If you’re a passionate and empathetic person, and you aspire to support others and effect social change, social work could be the career for you.
Social workers work alongside individuals, families, groups and communities to assist them to maximise their potential and live fulfilling lives. They engage with and mobilise people to address challenges and improve their overall well-being. This work is carried out through a process of empowerment and collaboration, whereby workers see people as having the capacity to take control of their own lives, while at the same time identifying and addressing the hurdles they face on both a personal and systemic level.
Let’s break it down.
Typically people meet with a social worker when they’re facing a personal challenge they haven’t yet been able to overcome on their own. This could be due to financial hardship, a lack of information, not being connected to appropriate services, language barriers, mental-health issues, overwhelming life events, personal coping strategies, disability and so forth. Social workers empower people by giving them a voice, assisting their problem-solving, identifying and standing up against barriers that hinder success, providing information and links to services, and advocating for human rights and social justice on their behalf.
Importantly, social workers acknowledge the structural and systemic inequalities that disadvantage certain groups of people, and fight for social change in these areas.
Social work is extremely broad area of expertise, encompassing a wide variety of tasks with lots of different kinds of people.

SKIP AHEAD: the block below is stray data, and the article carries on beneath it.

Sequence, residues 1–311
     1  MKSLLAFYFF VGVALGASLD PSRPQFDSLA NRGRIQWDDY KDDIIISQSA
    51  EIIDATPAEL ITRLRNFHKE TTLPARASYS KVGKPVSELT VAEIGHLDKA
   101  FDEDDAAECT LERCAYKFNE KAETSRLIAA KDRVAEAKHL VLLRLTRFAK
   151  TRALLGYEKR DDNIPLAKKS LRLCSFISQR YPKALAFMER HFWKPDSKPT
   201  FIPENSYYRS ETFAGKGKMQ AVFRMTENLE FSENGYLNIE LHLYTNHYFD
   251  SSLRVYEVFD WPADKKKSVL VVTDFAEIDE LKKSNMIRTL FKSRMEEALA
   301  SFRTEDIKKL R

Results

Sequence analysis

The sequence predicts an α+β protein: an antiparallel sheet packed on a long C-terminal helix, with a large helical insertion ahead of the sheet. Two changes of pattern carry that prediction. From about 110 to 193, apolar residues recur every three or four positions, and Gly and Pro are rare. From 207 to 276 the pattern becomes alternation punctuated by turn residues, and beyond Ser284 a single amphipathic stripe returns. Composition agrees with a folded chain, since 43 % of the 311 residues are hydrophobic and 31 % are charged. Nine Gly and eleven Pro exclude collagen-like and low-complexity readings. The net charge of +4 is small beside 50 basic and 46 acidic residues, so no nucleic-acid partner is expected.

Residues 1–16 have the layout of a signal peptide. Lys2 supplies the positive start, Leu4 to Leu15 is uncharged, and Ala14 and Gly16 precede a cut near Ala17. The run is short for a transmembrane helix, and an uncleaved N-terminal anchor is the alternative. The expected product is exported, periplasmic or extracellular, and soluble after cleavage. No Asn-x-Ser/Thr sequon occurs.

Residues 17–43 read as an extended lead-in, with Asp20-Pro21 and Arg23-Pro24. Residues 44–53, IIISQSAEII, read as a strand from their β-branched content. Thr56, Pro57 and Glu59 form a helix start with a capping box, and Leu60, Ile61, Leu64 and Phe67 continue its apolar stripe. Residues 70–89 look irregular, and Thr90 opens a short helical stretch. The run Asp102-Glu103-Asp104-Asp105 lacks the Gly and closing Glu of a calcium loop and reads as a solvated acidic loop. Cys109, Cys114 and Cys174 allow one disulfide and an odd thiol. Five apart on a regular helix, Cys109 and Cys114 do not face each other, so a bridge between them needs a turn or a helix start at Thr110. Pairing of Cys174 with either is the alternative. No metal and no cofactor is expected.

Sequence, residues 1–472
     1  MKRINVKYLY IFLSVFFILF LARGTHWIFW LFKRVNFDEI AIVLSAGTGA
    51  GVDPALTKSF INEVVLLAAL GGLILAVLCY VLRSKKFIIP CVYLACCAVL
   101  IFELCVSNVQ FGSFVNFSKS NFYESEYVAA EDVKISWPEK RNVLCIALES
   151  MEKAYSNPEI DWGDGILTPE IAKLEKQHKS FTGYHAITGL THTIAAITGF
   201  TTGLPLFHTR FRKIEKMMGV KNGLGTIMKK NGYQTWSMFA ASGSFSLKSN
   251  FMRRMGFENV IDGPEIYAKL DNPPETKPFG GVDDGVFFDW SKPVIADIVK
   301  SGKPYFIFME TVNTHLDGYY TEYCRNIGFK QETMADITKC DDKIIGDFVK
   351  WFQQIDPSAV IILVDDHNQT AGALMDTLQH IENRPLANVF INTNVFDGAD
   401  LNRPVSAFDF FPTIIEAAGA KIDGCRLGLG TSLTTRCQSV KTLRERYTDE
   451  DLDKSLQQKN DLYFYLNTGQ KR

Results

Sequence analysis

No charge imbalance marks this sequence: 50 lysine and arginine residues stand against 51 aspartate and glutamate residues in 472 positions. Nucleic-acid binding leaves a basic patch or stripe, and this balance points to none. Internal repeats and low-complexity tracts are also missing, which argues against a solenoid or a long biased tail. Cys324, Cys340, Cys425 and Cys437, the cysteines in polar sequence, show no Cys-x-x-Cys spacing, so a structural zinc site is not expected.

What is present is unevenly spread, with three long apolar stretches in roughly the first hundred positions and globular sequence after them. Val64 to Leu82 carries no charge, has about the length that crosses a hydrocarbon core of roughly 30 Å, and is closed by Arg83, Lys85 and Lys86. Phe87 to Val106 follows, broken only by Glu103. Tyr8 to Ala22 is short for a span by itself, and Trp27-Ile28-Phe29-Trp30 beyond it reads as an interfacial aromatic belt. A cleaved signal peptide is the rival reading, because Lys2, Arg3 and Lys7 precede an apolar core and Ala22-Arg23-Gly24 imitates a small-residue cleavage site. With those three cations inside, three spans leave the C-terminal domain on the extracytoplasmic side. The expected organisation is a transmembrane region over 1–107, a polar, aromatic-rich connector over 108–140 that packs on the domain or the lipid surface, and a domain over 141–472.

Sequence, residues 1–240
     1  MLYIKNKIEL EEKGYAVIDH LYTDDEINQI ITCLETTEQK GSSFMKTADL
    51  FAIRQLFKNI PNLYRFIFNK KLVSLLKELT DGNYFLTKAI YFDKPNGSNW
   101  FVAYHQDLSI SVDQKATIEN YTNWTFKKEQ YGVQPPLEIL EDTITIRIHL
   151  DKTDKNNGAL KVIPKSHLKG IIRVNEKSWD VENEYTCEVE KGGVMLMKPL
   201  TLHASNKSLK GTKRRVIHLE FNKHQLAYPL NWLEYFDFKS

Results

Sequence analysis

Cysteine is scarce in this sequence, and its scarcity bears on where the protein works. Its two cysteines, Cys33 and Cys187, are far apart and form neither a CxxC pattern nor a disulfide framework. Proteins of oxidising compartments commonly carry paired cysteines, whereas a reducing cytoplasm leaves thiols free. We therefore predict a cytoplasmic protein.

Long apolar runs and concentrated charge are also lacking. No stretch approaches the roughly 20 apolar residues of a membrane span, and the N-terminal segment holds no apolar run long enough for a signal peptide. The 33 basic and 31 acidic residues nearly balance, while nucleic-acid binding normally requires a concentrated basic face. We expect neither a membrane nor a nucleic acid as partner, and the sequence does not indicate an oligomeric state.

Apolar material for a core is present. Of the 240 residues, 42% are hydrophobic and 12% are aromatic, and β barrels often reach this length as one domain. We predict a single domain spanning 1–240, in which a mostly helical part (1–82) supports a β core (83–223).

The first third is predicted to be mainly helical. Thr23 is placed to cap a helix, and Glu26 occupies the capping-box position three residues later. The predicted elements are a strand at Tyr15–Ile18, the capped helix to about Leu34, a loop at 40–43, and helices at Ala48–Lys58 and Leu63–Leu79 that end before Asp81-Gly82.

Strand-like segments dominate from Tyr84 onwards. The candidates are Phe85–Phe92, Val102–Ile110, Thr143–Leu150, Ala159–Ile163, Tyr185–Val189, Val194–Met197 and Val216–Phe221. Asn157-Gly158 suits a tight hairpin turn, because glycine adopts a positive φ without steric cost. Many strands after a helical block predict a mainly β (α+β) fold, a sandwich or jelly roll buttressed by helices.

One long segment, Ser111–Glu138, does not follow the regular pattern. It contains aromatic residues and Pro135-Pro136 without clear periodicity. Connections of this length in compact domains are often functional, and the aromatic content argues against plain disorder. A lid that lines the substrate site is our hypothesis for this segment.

The work can be described at three levels: micro (working with individuals/families), mezzo (working with small to medium groups such as neighbourhoods, schools and support groups), or macro (working with large-scale policy change, community lobbying etc).
You might find yourself:
The Australian Association of Social Workers (AASW) is the national representative body of social workers in Australia who set the industry benchmark with their Code of Ethics and Practice Standards. These documents govern the conduct of social workers and provide advice for ethical and accountable practice. Taken directly from the AASW Code of Ethics 2010, there are three core values that social work is based on:
To practice social work, you must have completed a social work degree including field placements.
The AASW reviews and accredits all social work degrees, to ensure graduates are trained to meet the professional standards of the industry. After completion of one of these degrees, membership with the AASW shows workplaces and clients that you are a legitimate, qualified social worker.
Both the Bachelor and Masters of Social Work are accredited, overarching degrees that qualify you to work with people of any age, seeking support for a myriad of reasons. These courses also allow you to cross between different service areas within social work throughout your career. For example, you might start out as a practicing social worker at a primary school, before moving into crisis support in the housing and homelessness sector, and finish up supporting families affected by disability.